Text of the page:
Once some of those stocks are added to the key MSCI Emerging Markets Index, an MSCI executive said that about $17 billion to $18 billion should initially flow into mainland China’s stock market.
Tracked by an estimated $1.6 trillion, a long-awaited decision in favor of adding stocks, known as A shares, to the firm’s emerging markets index, was announced by MSCI earlier. And as a result, in order to match the updated version of the index, Chinese A shares must be bought by non-Chinese investors that follow the MSCI Emerging Markets Index.
Chin Ping Chia, head of research for Asia Pacific at MSCI, said on a conference call with journalists after the inclusion decision was announced, that foreign investors own less than 1.5 percent of the market due to limited access to the mainland Chinese stocks. $17 billion to $18 billion could flow into Chinese A shares, he estimated.
A weight of 0.73 percent in the emerging markets index would eventually be given to China by MSCI’s decision to add 5 percent of the floating market cap for 222 China A shares. Bank of China and Tsingtao Brewery would be included in the stocks on the list.
The MSCI decision should improve short-term sentiment for Chinese A shares, said Lucy Qiu, emerging markets strategist at UBS Wealth Management. But around $7 billion to $8 billion wil be the initial flows into China’s mainland stock market, she estimated.
In contrast to a 9 percent rise for the S&P 500 and with 18 percent gains for the iShares Emerging Markets ETF (EEM), the Shanghai composite has risen just over 1 percent so far, this year.
“We believe our clients will benefit from today’s decision to bring Chinese equities into mainstream investment. BlackRock has continued to support all opening of investment in China’s onshore capital markets for a number of years,” Ryan Stork, BlackRock chairman, Asia Pacific, said in a statement.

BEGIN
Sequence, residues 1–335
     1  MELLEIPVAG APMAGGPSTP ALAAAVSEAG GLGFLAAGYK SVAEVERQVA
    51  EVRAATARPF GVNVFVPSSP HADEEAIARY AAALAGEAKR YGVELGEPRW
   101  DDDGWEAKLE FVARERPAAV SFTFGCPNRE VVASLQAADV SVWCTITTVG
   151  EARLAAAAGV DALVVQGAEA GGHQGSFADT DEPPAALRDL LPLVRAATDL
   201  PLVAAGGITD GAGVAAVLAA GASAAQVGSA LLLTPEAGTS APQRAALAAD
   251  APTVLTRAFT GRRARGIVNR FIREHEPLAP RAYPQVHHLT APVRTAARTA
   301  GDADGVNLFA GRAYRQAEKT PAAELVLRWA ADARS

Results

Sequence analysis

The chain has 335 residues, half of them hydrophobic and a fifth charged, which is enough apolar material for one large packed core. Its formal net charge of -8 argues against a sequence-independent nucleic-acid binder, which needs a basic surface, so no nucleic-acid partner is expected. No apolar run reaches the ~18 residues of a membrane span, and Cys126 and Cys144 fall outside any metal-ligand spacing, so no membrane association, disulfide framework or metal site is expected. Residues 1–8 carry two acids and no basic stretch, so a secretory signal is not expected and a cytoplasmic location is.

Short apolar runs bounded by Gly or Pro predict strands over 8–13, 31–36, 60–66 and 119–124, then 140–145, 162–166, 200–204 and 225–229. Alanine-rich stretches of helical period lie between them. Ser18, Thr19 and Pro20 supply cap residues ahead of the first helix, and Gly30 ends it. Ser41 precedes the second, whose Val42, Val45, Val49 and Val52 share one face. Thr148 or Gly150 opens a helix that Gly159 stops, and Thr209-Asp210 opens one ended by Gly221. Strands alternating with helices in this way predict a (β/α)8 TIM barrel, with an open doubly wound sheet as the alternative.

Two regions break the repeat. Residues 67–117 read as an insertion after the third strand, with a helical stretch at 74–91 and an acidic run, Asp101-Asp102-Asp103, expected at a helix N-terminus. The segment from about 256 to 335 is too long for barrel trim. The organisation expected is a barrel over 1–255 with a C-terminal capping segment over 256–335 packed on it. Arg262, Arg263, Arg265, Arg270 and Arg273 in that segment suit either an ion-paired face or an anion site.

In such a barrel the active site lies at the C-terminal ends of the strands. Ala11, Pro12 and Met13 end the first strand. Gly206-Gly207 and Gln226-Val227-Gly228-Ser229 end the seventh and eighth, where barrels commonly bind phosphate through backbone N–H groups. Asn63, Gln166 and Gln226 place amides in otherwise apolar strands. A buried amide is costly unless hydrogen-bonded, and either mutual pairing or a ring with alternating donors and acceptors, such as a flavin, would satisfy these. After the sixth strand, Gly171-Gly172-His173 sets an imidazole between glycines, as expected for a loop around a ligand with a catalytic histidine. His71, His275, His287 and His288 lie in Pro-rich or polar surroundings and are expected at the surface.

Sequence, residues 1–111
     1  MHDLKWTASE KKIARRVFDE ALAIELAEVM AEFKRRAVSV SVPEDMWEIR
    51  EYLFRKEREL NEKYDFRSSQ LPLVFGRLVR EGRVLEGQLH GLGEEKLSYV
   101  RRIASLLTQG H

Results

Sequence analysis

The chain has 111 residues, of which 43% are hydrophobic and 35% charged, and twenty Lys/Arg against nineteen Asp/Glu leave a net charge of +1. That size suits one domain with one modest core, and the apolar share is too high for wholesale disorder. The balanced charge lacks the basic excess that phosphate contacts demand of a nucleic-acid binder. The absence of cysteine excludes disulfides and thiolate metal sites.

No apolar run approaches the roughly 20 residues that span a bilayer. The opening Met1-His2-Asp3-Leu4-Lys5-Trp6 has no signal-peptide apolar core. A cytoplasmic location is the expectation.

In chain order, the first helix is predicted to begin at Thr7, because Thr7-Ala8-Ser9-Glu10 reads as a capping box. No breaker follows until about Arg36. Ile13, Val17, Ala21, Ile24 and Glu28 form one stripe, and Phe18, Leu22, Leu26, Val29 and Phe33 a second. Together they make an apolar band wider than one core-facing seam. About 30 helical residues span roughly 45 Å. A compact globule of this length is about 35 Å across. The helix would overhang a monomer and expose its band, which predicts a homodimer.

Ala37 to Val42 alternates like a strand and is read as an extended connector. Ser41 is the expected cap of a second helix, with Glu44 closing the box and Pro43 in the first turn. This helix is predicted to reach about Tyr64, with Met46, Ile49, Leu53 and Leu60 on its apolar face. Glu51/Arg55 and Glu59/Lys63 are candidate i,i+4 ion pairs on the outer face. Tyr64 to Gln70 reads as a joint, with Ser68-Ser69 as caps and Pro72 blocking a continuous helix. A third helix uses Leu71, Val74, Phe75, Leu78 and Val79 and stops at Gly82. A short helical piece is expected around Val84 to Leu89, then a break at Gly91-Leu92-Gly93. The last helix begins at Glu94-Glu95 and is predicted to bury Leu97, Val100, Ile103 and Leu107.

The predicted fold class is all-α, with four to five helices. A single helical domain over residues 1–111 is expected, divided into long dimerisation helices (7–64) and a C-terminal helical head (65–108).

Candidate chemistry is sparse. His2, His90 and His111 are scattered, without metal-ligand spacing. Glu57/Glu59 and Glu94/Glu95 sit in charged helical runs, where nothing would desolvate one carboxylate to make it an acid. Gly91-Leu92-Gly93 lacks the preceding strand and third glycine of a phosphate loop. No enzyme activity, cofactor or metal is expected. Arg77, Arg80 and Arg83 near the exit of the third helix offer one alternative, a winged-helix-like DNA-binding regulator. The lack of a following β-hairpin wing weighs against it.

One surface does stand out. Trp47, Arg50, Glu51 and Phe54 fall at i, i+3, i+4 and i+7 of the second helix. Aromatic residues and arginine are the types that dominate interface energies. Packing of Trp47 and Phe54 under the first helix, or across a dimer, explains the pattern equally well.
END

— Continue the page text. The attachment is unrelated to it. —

Even while the index only includes Hong Kong and U.S.- traded shares of Chinese companies, China already has the largest weighting in MSCI’s Emerging Markets Index at nearly 30 percent. The index giant had decided against adding the mainland traded stocks for the last three years.
Following reviews in May and August 2018, MSCI plans to add the A shares in a two-step process next year. Chia said that the trade limits under the stock connect program that links Hong Kong’s stock market with that of Shanghai and Shenzhen were partly responsible for that. MSCI representatives said that a major factor in MSCI’s decision on Tuesday was the development of the connect program.
“We are very hopeful … Chinese authorities will continue with the momentum” in opening up Chinese markets to foreigners, Sebastien Lieblich, global head of index management research at MSCI, said on the press call.
Lieblich said that mid-cap mainland Chinese stocks could also be added to the emerging markets index if China improves the ability of foreigners to access its markets. he estimated that inflows could roughly double to $30 billion to $35 billion in that case as mainland China would have a 1.4 percent weighting in the index overall.
(Adapted from CNBC)